If you are like me -- which I sort of assume is like most fantasy owners -- you probably spend a lot of time once the season begins thinking, "Why didn't I take Domonic Brown instead of Matt Holliday?"
Don't like Ike's price now
Not that Holliday is a dog, but in the deep NL LABR, the NFBC team, manned by Greg Ambrosius and Shawn Childs, shelled out $26 for the St. Louis Cardinals outfielder, while ESPN's Eric Karabell paid a relatively cheap $8 for the red-hot Brown.
And though Greg and Shawn might have the last laugh, for they are at present sitting atop the standings, Holliday is hitting .244-8-30 at present, while Brown homered Monday to bring his season line to .291-17-42.
Still, in scouring the final auction prices in those deep formats, generally 47 points in average, nine homers and 12 RBI can make a difference.
However, the difference in the standings is not really the main point, for we all stumble into bargains and busts each year as we draft. And though the standings are the bottom line, the lessons in looking at auction values to me is more a factor of "How could I have used my salary cap more efficiently?" than "Damn, I wish I had gotten Brown instead of Holliday."
Irrespective, let's take a look at some of the cost spreads between the hits and misses so far this season.
Ike Davis ($25) | Paul Goldschmidt ($28) | Adam LaRoche ($18): I will confess that after Davis had his hot second half last year (.255-20-41), I thought that Davis had left his injuries and struggles behind and was ready to break out, so I dropped the $25 on the New York Mets first sacker and his .168-5-16 line. For $3 more, Goldschmidt (.337-13-46) would be worth enough to push me into first place in LABR. In fact, LaRoche and his .243-10-27 would put me close.
Rickie Weeks ($18) | Marco Scutaro ($12): Not that much of a price discrepancy, at $6, and on the surface it seems no question, with Scutaro hitting .329-1-13, and Weeks at .191-5-12. I would still be in second; however, if I were playing Hacking Mass, where the objective is to pick a bad team, with my Weeks and Davis, I would have to be in first.
Mitch Moreland ($13) | James Loney ($7) | Albert Pujols ($35): The $28 spread from Loney (.326-7-30), to Moreland (.283-11-27) to Pujols (.248-8-32). Albert is certainly there with the RBI, but the average is certainly of concern. And in this case, it is not so much the difference in standings positioning that is of interest, but rather, in this auction, what could you have gotten for that $28?
Jason Castro ($7) | Matt Wieters ($19): Like those of us who thought Davis had arrived, so did many of us think Wieters, coming off a .249-23-83 season in his third full year as a starter, was ready to show just how good he is at age 26. Well, his .237-7-32 totals are pretty much in line with those 2012 totals, but for $12 fewer in AL Tout Wars, you could have Castro with .282-7-17. Numbers probably make it a wash with Wieters' low average off-setting Castro's low RBI total.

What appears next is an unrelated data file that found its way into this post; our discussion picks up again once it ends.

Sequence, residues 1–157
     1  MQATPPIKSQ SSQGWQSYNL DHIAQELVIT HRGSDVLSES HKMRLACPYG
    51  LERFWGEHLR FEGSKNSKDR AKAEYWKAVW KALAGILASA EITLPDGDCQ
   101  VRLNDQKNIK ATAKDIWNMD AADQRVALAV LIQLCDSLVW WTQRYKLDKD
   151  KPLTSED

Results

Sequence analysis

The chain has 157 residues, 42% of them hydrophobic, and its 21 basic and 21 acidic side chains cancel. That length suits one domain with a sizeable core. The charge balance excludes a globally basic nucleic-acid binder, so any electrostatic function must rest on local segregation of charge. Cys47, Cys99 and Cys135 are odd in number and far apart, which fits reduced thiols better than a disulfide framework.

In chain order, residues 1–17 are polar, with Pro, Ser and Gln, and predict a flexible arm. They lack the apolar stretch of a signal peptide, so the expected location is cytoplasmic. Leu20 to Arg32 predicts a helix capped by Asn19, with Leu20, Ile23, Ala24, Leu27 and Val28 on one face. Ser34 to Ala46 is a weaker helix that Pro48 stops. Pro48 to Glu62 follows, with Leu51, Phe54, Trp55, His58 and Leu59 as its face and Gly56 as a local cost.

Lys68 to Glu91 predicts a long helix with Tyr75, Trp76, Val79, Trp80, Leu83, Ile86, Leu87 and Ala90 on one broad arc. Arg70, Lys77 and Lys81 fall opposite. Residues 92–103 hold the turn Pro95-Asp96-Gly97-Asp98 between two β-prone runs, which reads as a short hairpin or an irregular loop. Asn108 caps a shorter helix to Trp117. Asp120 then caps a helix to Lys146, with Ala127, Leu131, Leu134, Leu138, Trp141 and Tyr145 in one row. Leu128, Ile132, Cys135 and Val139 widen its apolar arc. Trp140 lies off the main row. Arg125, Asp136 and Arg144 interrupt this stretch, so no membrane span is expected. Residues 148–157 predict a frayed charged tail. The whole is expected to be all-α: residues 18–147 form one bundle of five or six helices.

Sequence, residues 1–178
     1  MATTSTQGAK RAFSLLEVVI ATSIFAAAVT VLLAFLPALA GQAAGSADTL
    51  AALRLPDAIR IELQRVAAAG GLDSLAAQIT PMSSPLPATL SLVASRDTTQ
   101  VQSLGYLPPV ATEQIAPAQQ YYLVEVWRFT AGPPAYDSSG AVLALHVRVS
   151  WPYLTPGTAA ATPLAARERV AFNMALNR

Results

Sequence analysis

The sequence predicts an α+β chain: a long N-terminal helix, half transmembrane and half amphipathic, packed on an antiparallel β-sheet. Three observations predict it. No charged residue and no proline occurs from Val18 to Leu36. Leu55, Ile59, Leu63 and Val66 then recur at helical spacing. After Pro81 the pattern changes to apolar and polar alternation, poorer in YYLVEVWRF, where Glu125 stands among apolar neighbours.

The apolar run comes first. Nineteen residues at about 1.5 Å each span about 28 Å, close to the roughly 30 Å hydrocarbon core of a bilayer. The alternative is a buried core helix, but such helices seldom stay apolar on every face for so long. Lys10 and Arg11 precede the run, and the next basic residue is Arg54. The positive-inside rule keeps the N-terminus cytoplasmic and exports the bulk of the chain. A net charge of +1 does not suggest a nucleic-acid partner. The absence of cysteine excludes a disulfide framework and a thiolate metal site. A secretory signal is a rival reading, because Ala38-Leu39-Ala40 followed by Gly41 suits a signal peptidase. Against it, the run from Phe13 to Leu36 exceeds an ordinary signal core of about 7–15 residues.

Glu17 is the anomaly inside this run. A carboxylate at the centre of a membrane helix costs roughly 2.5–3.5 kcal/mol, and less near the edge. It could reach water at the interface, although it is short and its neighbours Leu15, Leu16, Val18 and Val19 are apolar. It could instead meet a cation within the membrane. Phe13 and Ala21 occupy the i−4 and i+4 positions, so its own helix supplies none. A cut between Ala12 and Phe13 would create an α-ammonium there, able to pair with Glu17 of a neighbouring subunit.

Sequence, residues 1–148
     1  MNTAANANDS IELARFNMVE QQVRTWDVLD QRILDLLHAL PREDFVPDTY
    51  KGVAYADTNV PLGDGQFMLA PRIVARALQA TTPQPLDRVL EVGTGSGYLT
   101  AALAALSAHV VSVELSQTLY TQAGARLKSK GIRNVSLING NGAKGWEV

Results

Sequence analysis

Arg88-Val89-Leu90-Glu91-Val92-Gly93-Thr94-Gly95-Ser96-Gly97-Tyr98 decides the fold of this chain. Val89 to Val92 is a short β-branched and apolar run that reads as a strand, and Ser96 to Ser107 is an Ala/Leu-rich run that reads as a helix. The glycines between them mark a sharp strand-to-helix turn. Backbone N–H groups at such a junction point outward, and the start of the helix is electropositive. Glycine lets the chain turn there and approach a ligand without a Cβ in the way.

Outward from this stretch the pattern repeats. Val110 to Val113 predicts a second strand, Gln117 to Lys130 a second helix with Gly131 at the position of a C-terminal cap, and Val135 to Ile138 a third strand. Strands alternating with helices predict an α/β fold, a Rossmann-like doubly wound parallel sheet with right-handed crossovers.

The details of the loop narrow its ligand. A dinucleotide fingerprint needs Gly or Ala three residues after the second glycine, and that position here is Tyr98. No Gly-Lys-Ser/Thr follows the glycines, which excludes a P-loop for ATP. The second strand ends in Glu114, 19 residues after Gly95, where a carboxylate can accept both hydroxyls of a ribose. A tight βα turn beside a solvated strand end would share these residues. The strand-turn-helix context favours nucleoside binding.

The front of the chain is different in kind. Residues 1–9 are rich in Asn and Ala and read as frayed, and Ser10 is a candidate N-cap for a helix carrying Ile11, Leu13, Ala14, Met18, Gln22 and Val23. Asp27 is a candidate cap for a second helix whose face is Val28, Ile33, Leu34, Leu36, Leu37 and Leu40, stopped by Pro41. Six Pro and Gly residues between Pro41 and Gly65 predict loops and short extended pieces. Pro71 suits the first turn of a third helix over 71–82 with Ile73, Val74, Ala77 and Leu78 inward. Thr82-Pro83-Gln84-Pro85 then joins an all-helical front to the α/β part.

Matt Cain ($23) | Matt Harvey ($14): Two Matts: one coming off a Cy Young competitive year costing $9 more than the Mets' next big thing. Unfortunately Cain has been victimized by the bad innings, two of which were by the Cardinals, in separate games, where they scored 17 runs and picked up 27 hits, believe it or not. Meanwhile, Harvey might just be the best pitcher in the National League not named Clayton Kershaw or Jordan Zimmermann at present. Cain has a 4-3 record and a 5.45 ERA with 71 whiffs, while Harvey is 5-0, 2.17, with 89 whiffs and a 0.92 WHIP over 89 innings (Cain's is still a more than respectable 1.21, suggesting the profit margin should be there over the long haul).
Clay Buchholz ($8) | Justin Verlander ($32): I have to say I bit it on Verlander as the mainstay of my AL Tout rotation, and truth is his numbers are not awful. But a 3.70 ERA and 1.36 WHIP were not what I bargained for. But Buchholz's 8-0, 1.62, with 77 whiffs and a killer 1.02 WHIP, might not push me up to first, but boy it would get me a lot closer.
Casey Janssen ($9) | Fernando Rodney ($19): Rodney does have 11 saves and 29 punch-outs over his 22 2/3 innings, but he also has an awful 1.48 WHIP and 4.94 ERA. And while the ERA and ratio numbers won't destroy a team, thanks to the limited number of innings a closer gets, Janssen's 10 saves, 2.00 ERA, 19 strikeouts (18 IP) and 0.611 WHIP have got to fit better in the pitching totals of any team. I think the lesson here is there are those primo closers, and it is good to have them. And as Janssen and Jason Grilli remind us, the cheap-gamble closers can work pretty well, too. I am always big on getting a pair of them in deep leagues like Tout and LABR, but not always on getting the best. Just two potential save contributors, and adjust accordingly as the season progresses.
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Lawr Michaels has been a player in the fantasy baseball industry since he began writing for John Benson in 1993. He has written for STATS, Inc, was the first fantasy columnist for CBS Sportsline, and has appeared in numerous journals and on websites. In 1996, he founded CREATiVESPORTS, a staple for serious fantasy players, which he merged into Mastersball in 2010.
Over the years, Lawr has participated in a wide variety of playing formats and won numerous titles, including AL Tout Wars crowns in 2001 and 2009. Along with his Mastersball duties, Lawr works for MLB.com as a statistician.